According to Nick Cafardo, the GM meetings have kicked off on an interesting topic: expanding the playoffs.
To be specific, this would entail adding a second wild card team to each league, and having the two wild cards play a best-of-three series for the playoff spot. The division winners would all get a short first round bye.
It's already a bit late to help the Red Sox' season--yes, they would have won the wild card spot in question had it existed this year--but it's not too late to change things for the future. With stacked divisions such as the AL East inspiring calls for reorganization not long ago, could this be the better, easier answer to solving the problem?
It's no secret that teams in strong divisions get the short end of the stick when it comes to the playoffs, and there's really no way to change that in some regards. They will always face a harder schedule, leading to fewer wins and more losses. Simple as that. But expanding the playoffs could help to solve the greatest complaint many of these disadvantaged (only, of course, in this regard. Payroll is, of course, another story) teams have: the unevenly high threshold for a playoff spot.
Consider last year, when the Red Sox could have won 94 games and still missed out on the playoffs. Consider the 2008 Mets, who won 89 games and missed the playoffs while the 84-win Dodgers waltzed in with a division title. Actually, let's look at all of the wild card races in the last eight years:
|Year||AL Actual||AL 2WC||AL 3WC||AL Div. Low||NL Actual||NL 2WC||NL 3WC||NL Div. Low|
These are the number of wins held by the first, second, and third place teams in the wild card race since 2003, as well as the lowest win total for a division winner in each league. As you can see, seven times in the last eight years, a team missed the playoffs despite having more or the same number of wins as a division winner. By adding a second wild card team, we drop that number down to just two. Seven times in sixteen instances makes it an almost common occurence, two times makes it a rarity.
What it does do is allow for significantly more teams to be in contention as the year goes on, increasing interest in lower-win teams by giving them hope that, even if they come into the All-Star break at or maybe even slightly below .500, they can still compete for a playoff spot. The average wild card winner comes in with nearly four more wins than the average second place wild card team. That makes a pretty big difference when determining the range of teams that can be considered to be in contention.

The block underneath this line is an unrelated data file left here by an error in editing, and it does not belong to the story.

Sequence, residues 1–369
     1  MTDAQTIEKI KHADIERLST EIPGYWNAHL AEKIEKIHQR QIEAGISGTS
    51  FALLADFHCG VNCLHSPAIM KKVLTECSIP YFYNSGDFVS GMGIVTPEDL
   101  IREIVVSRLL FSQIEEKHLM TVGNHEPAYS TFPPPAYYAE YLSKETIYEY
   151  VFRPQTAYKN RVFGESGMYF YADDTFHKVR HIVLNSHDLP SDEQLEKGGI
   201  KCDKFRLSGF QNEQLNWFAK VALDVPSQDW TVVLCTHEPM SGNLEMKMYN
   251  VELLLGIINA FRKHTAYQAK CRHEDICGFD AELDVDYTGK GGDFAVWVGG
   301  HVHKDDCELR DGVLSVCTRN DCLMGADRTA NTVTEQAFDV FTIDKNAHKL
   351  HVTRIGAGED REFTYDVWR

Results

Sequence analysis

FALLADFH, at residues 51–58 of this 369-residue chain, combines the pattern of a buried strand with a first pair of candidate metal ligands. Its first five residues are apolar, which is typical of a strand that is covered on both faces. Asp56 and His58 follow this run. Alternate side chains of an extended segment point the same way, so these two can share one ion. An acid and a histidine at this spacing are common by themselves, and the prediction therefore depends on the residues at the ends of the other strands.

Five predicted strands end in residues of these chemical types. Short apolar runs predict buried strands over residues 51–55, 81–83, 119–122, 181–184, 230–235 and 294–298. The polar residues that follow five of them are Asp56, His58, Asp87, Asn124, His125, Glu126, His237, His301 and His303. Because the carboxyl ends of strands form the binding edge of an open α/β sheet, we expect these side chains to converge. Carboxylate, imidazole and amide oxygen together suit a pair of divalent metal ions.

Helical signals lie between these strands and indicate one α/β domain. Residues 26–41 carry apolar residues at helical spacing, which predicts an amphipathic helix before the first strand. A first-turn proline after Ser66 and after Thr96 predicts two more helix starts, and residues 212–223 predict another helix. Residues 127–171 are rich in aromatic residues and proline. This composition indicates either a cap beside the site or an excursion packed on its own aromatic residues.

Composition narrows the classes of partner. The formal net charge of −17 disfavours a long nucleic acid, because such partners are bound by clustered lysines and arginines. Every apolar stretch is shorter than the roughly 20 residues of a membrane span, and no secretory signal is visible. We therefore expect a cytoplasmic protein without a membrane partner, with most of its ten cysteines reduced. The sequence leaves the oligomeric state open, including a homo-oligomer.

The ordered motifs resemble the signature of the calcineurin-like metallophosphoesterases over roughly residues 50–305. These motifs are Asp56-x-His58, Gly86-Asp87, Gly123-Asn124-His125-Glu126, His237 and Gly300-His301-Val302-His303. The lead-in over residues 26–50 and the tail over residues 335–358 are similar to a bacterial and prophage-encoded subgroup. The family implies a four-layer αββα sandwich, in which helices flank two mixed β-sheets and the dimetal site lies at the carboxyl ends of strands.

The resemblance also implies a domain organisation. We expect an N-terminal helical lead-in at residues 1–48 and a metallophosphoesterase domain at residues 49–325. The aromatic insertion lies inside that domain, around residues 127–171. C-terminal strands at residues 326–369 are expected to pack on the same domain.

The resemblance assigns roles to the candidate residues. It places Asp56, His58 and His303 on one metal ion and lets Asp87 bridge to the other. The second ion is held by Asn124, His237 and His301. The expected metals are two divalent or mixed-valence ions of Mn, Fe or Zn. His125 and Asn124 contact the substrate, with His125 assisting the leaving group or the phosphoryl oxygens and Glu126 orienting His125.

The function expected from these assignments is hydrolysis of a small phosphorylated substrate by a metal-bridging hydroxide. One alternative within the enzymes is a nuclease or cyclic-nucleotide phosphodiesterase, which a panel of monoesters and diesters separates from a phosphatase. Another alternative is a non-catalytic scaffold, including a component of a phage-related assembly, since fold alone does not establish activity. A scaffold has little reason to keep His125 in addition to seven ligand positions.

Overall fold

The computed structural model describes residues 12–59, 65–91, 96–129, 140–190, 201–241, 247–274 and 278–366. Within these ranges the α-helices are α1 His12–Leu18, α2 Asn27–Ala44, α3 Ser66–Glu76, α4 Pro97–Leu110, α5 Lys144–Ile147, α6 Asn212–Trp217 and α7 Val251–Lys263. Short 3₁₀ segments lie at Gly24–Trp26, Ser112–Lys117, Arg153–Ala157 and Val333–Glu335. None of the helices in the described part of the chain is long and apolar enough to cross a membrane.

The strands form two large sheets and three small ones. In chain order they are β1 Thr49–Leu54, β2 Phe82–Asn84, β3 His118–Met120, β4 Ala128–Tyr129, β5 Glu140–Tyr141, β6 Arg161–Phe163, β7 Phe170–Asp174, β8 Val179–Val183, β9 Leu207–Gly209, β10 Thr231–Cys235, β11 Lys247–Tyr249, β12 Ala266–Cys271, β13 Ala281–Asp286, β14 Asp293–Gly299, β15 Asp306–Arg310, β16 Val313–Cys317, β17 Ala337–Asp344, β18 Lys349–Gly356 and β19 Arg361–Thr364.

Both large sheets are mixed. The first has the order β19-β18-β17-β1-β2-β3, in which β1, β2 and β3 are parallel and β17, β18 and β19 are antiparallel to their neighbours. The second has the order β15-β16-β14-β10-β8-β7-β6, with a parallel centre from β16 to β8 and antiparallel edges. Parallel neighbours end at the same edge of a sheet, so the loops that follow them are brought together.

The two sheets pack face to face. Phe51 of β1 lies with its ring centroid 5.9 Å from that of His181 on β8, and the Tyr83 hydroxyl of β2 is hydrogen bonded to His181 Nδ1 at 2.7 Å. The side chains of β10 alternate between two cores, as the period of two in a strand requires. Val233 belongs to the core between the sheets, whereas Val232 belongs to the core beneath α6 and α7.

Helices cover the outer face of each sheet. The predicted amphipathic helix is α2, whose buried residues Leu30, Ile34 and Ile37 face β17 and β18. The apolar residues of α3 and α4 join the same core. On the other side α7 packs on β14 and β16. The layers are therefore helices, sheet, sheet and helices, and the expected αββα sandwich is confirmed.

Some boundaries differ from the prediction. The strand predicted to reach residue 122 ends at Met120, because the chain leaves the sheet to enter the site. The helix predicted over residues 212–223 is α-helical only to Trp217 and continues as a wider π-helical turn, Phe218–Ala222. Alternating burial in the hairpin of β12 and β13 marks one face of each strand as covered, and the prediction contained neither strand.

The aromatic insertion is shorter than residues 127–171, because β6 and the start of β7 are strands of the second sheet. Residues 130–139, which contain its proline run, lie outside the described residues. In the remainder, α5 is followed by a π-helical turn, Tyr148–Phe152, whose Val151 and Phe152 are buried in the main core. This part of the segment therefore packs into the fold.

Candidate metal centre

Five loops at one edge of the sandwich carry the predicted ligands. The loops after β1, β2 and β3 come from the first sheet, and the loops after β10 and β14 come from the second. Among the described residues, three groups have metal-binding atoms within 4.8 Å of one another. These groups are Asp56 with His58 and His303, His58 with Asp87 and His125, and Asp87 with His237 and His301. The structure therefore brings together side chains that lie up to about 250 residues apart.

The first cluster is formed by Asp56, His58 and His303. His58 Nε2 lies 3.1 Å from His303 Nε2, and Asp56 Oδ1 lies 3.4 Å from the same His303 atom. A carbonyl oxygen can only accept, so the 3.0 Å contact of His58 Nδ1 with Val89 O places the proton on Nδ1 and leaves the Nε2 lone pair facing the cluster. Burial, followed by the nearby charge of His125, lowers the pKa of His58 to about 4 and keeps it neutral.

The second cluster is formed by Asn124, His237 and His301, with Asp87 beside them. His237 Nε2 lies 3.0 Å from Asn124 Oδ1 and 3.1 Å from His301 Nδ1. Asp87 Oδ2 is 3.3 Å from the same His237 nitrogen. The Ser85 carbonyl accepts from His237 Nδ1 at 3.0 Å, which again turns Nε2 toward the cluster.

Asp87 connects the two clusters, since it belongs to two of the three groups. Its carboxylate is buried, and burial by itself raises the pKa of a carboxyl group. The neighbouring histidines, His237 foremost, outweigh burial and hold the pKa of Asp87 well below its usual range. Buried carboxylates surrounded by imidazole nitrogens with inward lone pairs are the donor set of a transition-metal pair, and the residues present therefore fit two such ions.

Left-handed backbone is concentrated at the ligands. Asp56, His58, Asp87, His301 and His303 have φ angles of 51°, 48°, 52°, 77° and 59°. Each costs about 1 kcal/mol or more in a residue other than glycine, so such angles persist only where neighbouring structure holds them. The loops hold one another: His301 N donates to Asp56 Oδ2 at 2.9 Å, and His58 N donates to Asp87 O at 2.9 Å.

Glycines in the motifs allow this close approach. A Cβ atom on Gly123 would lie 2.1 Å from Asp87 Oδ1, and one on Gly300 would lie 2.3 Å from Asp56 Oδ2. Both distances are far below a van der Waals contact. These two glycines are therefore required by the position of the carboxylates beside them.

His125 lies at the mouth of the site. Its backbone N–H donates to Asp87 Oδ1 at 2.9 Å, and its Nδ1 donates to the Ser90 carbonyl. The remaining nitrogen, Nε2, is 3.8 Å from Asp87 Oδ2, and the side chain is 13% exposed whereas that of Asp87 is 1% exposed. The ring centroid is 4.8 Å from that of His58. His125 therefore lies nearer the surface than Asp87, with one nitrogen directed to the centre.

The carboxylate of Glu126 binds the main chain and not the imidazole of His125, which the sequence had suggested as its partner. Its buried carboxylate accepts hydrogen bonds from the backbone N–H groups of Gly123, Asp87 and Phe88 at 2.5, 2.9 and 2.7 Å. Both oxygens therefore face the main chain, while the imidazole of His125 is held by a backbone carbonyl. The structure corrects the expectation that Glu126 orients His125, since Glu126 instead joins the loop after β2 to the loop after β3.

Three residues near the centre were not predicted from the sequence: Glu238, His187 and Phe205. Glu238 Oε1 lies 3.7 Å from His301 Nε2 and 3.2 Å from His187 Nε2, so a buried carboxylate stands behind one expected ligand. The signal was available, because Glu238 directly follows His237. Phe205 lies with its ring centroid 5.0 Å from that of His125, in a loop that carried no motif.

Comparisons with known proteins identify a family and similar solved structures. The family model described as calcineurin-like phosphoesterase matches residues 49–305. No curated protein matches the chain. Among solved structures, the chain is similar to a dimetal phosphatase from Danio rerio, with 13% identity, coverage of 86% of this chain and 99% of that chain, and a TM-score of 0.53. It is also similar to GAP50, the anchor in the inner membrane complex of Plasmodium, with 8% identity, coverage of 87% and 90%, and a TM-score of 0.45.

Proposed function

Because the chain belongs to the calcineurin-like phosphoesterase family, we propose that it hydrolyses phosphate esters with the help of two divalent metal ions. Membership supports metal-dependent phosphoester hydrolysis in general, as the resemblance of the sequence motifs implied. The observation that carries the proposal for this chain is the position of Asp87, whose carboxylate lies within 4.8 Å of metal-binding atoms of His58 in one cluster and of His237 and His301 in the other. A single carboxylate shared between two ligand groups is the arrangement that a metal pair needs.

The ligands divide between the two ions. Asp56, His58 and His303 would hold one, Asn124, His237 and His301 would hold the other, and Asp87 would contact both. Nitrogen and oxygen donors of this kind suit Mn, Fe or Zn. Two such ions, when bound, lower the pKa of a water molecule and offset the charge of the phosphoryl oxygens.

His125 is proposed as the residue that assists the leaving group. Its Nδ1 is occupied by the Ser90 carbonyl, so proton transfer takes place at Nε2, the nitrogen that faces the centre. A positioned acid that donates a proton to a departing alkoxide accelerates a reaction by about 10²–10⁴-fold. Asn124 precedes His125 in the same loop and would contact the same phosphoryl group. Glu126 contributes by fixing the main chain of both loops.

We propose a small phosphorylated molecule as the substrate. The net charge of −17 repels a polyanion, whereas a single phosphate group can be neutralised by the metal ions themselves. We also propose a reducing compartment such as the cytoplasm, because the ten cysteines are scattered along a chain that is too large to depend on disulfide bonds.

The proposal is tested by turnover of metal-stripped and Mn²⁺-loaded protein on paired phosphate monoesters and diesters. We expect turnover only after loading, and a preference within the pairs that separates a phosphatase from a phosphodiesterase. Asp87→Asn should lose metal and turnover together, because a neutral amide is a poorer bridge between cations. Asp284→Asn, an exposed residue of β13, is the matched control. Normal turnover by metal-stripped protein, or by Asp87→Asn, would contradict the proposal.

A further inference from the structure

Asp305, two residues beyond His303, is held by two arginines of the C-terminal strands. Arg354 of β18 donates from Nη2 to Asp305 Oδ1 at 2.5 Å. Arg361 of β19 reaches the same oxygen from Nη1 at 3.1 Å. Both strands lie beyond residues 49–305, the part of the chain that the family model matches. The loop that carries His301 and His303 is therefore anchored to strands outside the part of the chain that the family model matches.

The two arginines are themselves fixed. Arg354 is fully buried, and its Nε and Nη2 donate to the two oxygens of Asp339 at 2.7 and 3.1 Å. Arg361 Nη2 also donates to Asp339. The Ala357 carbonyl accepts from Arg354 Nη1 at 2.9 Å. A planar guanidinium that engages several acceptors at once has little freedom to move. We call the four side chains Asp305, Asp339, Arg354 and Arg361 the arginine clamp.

At the same time, the MLB isn't about to become the NBA. I don't know how many Celtics fans we have around here, but for the last few years, the regular season hasn't been about making the playoffs, but about gaining home court advantage. Think about that: 82 games being played for the sake of, at most, four games having a change in venue. While teams that manage to win 90+ games are going to be reasonably assured a playoff spot, anyone falling below that is putting themselves in serious danger. Look at all those third place teams with 87 or 88 wins. We're not going to be throwing open the doors to the Royals of the world as the NBA often does for its sub-.500 teams. The playoff race will still be a real competition between legitimately good teams.
The expansion would also serve to make late division races exciting regardless of whether or not the second place team is in position for a wild card spot. I expect the Yankees would have been more sore about losing to the Rays had they been forced to play another series as a result.
But what about the playoffs themselves? They're already quite long, and adding a bye? Hasn't that always been an issue for baseball teams looking to stay hot? It's actually not that much of a difference, though. Certainly there can be no 1-game playoffs for the second wild card spot--on the rare occasion that there is a tie (as you can see above, it would have happened once in the last eight years) for that spot, tiebreakers need to be used. There's simply not enough time to fit four games in without unduly effecting the other playoff teams. But otherwise, teams are taking two days off before the playoffs, so adding one more probably can't hurt too badly. If the MLB wanted to avoid that, they could even force a double-header.
The only real problem to be found comes in the actual fairness of that playoff series. Three games is just not enough to really determine the better team, and with on average a four win difference between the first and second place wild card teams, it seems somewhat unfair that a team with 95 wins could be sent to the golf courses so early thanks to just two games. But I think when compared with all the benefits, this negative isn't nearly enough to tip the balance.
While there's no telling for sure if and when this will get done, it seems like it's a no-brainer. More exciting races and more teams involved means more interest in the game means more money. It's really one of those rare times where the league seems to have a perfect option to improve the game for the owners, the fans, and the players.